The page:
Donald Trump was demolished in the 10th Republican presidential debate, but I#8217m not sure it will make any difference.
The problem is, the man who demolished him, Marco Rubio 2.0, was a newcomer to the debate stagemdashand the fact that we#8217d only seen the risk-averse Rubio 1.0 in the previous nine debates limited the feisty new guy#8217s credibility. His revised stance was obviously a political calculation in a year when the voters seem to be sick of political calculations.
Trump, by contrast, has been Trump right from the jump. He is authentically boorish and nasty. I#8217m not sure that you can suddenly transform yourself from grasshopper to gladiator and not seem a bit phony somehow, even though the Florida senator brought it off low-key, funny and well.
It is possible that Rubio#8217s assault on Trump will have the same effect as Chris Christie#8217s assault on Rubio: It may ding Donald a bit, but it may also have been a kamikaze mission, doing Rubio no good at all or even, perhaps, hurting him.
In my wildest moderate fantasy, the beneficiary of the combined Rubio-Cruz attack would redound to the benefit of John Kasich#8211who, yet again, established himself as the one candidate on the stage with both feet planted on Planet Earth. But that hasn#8217t happened in previous debates.
Aside from the central trash-Trump narrative, I found the discussion of Obamacaremdashand health care in generalmdashto be weird and misleading, and typical of what passes for #8220substantive#8221 discourse in these circuses. Let me take you into the weeds a bit:
Donald Trump is right about #8220the [state] lines#8221 which limit the market for purchasing health insurance, but he doesn#8217t have a clue about anything else. Obamacaremdashand its conservative predecessor, the Heritage Foundation planmdashdepend on market principles. Individual state markets (the term of art is #8220health care exchanges,#8221 which are websitesmdashlike Amazon or Travelocitymdashwhere purchasers can compare health insurance plans) are inefficient, and too many of them offer minimal choices. There was an effort to create larger, regional markets in the final stages of the Obamacare debate. For some obscure reasonmdashit probably has to do with insurance company lobbyingmdashthe idea was killed by moderate Democrats. Part of the problem was that most Republicans were refusing to negotiate. They were simply against the bill; if they#8217d participated, we might have had a much more effective program.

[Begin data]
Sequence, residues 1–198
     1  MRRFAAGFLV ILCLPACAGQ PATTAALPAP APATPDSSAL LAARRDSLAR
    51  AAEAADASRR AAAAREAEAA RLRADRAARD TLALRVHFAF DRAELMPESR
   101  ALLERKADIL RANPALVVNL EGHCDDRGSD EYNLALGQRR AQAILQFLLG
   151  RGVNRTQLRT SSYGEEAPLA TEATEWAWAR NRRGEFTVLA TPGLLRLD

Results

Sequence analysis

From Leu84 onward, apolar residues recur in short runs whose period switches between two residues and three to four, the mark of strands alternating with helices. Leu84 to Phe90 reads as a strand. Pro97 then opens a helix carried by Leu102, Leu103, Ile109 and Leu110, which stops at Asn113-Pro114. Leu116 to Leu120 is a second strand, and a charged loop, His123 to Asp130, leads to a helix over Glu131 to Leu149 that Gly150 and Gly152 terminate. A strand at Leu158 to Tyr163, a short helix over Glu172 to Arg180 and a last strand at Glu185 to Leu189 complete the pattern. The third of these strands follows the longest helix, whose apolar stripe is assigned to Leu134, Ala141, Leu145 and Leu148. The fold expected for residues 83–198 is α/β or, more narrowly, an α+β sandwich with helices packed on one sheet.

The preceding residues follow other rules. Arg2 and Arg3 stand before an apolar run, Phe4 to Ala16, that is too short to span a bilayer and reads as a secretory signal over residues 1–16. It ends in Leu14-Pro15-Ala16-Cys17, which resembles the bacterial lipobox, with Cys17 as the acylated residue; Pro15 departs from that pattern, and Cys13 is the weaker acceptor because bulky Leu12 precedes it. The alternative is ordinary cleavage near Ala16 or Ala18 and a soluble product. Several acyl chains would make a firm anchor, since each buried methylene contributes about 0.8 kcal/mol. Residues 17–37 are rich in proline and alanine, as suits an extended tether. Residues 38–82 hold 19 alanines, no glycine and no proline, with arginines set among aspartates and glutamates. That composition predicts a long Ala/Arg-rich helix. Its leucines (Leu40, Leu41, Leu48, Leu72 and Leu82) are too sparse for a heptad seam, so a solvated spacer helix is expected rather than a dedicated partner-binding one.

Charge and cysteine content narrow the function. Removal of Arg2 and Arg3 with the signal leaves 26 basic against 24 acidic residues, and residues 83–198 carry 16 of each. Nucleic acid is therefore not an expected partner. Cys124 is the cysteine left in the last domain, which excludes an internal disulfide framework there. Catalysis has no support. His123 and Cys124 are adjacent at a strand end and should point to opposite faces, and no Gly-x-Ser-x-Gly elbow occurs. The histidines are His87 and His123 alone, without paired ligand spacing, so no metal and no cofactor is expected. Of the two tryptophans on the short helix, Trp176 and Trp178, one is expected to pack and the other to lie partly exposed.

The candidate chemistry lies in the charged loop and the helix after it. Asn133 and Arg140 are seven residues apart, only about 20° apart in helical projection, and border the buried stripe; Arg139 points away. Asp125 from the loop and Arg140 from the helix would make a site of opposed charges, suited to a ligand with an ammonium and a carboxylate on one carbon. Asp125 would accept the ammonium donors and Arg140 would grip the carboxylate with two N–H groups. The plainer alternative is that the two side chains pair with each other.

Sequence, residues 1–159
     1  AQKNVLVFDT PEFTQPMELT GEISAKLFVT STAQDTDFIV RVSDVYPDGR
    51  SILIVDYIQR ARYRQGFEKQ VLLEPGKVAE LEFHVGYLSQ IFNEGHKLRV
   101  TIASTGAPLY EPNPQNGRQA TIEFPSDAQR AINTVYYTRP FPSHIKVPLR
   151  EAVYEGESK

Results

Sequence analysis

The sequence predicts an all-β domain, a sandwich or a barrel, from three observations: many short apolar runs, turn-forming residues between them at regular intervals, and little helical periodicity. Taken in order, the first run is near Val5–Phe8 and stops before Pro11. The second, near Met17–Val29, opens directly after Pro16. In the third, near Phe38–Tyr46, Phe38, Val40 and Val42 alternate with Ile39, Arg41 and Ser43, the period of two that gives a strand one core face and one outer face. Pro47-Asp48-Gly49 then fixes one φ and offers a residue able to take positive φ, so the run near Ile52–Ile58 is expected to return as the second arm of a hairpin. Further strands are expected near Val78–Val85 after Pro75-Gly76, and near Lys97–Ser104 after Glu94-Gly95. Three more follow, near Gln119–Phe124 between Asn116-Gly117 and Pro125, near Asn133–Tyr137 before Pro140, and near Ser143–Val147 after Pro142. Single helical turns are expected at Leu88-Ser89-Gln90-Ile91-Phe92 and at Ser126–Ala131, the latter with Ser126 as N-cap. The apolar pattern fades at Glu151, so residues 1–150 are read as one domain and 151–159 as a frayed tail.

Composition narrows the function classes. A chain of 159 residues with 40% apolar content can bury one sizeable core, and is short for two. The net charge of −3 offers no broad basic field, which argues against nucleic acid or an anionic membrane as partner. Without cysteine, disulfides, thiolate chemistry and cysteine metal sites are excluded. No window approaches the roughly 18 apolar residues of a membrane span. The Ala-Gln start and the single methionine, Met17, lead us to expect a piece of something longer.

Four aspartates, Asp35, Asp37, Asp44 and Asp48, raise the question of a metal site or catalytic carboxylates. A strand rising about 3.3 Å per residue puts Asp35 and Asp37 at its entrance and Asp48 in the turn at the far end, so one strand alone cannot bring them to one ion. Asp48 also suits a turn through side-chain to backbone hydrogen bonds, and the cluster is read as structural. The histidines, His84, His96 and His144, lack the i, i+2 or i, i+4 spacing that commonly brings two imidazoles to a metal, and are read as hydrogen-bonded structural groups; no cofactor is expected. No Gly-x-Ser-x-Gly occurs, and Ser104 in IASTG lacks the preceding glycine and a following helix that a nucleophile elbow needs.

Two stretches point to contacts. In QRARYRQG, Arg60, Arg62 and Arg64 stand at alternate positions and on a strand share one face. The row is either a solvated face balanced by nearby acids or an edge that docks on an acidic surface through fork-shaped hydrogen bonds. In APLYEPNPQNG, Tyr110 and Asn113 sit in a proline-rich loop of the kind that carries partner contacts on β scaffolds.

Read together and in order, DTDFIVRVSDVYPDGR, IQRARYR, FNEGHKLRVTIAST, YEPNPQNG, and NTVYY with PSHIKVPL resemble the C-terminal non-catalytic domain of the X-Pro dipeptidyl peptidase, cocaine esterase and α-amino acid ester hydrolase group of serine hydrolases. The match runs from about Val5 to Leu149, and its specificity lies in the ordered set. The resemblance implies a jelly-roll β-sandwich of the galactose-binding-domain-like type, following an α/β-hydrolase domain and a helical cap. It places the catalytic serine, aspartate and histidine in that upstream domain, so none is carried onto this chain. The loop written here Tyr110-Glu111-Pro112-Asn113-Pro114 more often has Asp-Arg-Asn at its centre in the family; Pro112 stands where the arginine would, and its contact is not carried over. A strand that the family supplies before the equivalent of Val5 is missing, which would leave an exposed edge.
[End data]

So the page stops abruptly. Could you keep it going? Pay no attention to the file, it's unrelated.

Donald Trump is wrong about #8220the lines#8221 being the most important thing. The most important thing is who pays for the people who work, but don#8217t make enough money to pay for health insurance? (Medicaid pays for the people who don#8217t work.) In a CBS News interview, Trump said bluntly: #8220The government#8217s gonna pay for it.#8221 Well, that#8217s one way to do it. Another is to impose an #8220individual mandate#8221mdashthat is, to require healthy young people who don#8217t think they need health insurance to buy some. The implicit deal is that young people have a moral and civil responsibility to pay into the system when they#8217re healthy so that the system will take care of them when they#8217re older and less healthy. The original Heritage plan, which John Kasich (wisely) supported in 1994 had a mandate.